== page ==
Contest between Sheila Dikshit, Vijender Gupta and Arvind Kejriwal for New Delhi seat
For the first time in the history of elections in the New Delhi Assembly segment, the area is witness to a three-cornered contest, with the Congress and the BJP being challenged by the Aam Aadmi Party.
By throwing his hat in the ring early, AAP leader and chief ministerial candidate Arvind Kejriwal has managed to queer the election pitch. His campaign on Chief Minister Sheila Dikshit’s home turf has been so vigorous over the past four months that the BJP has been forced to field a strong contender, former Delhi unit president Vijender Gupta, to remain a relevant force in the constituency.
Ms. Dikshit appears rather unfazed with the announcement of the BJP candidate. “They had to announce a candidate for the seat and so this time it is Mr. Gupta,” she said. But she refused to get drawn into the merits or demerits of it.
“You can’t take any election lightly. Every time you have to fight and fight hard,” said Ms. Dikshit. She had won her last election from here by a margin of nearly 14,000 votes, defeating Vijay Jolly of the BJP. Ms. Dikshit had polled nearly 40,000 or 52 per cent of all votes.
While there is talk of the AAP’s rise, the Chief Minister denies that it is an issue. “We are not headed for a hung Assembly. The fight in Delhi would still be a direct one between the Congress and the BJP,” she maintained.
For his part, Mr. Gupta insisted that the resentment and anger against Ms. Dikshit has risen immensely in the constituency.
“There is 70 per cent anti-incumbency in the constituency and people are going to vote against the Chief Minister for three reasons. One, there is general disenchantment with the Congress because of the price rise and widespread corruption; then the Narendra Modi factor is working for the BJP; and finally people are simply fed up with Ms. Dikshit as an MLA, for she has hardly worked for her constituency all these years.”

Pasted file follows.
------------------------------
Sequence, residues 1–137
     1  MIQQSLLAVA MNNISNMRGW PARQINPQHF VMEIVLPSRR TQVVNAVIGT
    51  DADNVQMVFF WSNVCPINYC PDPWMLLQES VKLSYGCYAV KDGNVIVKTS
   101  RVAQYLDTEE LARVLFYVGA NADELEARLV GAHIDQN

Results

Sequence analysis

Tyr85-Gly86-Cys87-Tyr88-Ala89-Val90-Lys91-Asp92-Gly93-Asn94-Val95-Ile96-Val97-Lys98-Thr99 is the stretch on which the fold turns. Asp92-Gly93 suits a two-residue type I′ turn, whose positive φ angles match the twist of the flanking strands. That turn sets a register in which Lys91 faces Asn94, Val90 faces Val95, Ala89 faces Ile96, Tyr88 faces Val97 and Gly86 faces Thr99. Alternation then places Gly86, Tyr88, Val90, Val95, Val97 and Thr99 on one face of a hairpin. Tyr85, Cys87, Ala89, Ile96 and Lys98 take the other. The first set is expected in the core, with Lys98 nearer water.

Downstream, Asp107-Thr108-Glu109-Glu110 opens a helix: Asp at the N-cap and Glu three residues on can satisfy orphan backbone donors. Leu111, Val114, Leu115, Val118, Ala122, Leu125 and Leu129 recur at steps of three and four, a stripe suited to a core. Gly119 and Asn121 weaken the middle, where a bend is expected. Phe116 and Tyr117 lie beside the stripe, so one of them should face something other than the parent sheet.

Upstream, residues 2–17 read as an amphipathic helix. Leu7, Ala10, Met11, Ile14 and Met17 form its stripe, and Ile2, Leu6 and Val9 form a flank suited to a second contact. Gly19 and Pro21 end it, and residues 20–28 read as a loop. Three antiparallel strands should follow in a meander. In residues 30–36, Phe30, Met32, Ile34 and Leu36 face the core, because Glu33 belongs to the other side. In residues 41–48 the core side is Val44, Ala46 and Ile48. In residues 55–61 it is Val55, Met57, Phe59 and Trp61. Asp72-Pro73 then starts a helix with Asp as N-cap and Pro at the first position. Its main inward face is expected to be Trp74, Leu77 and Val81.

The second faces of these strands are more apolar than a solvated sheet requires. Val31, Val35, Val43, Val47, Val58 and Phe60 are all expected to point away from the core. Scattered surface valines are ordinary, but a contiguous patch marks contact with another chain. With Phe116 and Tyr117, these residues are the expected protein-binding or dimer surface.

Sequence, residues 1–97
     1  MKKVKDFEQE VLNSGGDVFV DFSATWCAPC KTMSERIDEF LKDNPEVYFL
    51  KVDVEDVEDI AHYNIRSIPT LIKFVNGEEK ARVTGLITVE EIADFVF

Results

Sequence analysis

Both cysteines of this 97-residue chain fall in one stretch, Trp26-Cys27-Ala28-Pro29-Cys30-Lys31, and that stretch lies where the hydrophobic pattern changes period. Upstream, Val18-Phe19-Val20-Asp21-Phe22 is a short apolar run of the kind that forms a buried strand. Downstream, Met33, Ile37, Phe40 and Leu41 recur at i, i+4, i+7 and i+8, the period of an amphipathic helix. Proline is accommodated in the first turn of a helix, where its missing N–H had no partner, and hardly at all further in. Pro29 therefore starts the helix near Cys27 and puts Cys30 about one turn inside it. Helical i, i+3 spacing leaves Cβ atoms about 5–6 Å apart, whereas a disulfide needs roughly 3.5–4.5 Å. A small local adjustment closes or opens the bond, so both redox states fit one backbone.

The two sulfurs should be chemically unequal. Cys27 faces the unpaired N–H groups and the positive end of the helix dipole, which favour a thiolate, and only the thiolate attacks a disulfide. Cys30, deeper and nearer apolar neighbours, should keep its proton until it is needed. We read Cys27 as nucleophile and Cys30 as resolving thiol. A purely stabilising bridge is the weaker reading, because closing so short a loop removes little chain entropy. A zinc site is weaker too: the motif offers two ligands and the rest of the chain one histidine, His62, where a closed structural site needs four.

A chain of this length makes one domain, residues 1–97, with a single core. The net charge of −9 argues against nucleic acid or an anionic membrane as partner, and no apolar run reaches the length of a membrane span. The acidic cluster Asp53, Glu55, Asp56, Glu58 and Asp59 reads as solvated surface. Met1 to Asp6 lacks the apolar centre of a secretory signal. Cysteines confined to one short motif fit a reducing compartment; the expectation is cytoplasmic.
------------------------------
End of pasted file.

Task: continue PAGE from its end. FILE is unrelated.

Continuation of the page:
Mr. Gupta, who had filed corruption cases against Ms. Dikshit in courts and also before the Lokayukta, is confident that people will acknowledge his role in fighting corruption and ultimately vote for the BJP instead of the AAP.
“We had polled nearly 26,000 votes last time and are likely to improve our tally significantly this time. With three main contestants in the fray, by adding just another 4,000-5,000 votes we can win the election. Though the constituency was slightly different in 1993, we had won from here then by about 20,000 votes.”
Government servants and their families now comprise nearly 60 per cent of voters in the constituency.
Apart from this, there are about 15 per cent Scheduled Caste votes, about 3,000 minority votes and an equal number of votes from jhuggi clusters. The area also houses a significant number of people from East and South India.
Mr. Kejriwal remains a significant force in the constituency and has worked hard to make inroads among all segments of voters. While his opponents are hoping that his popularity dwindles once the main parties’ campaigns gather momentum, his presence is certainly making them work harder than before.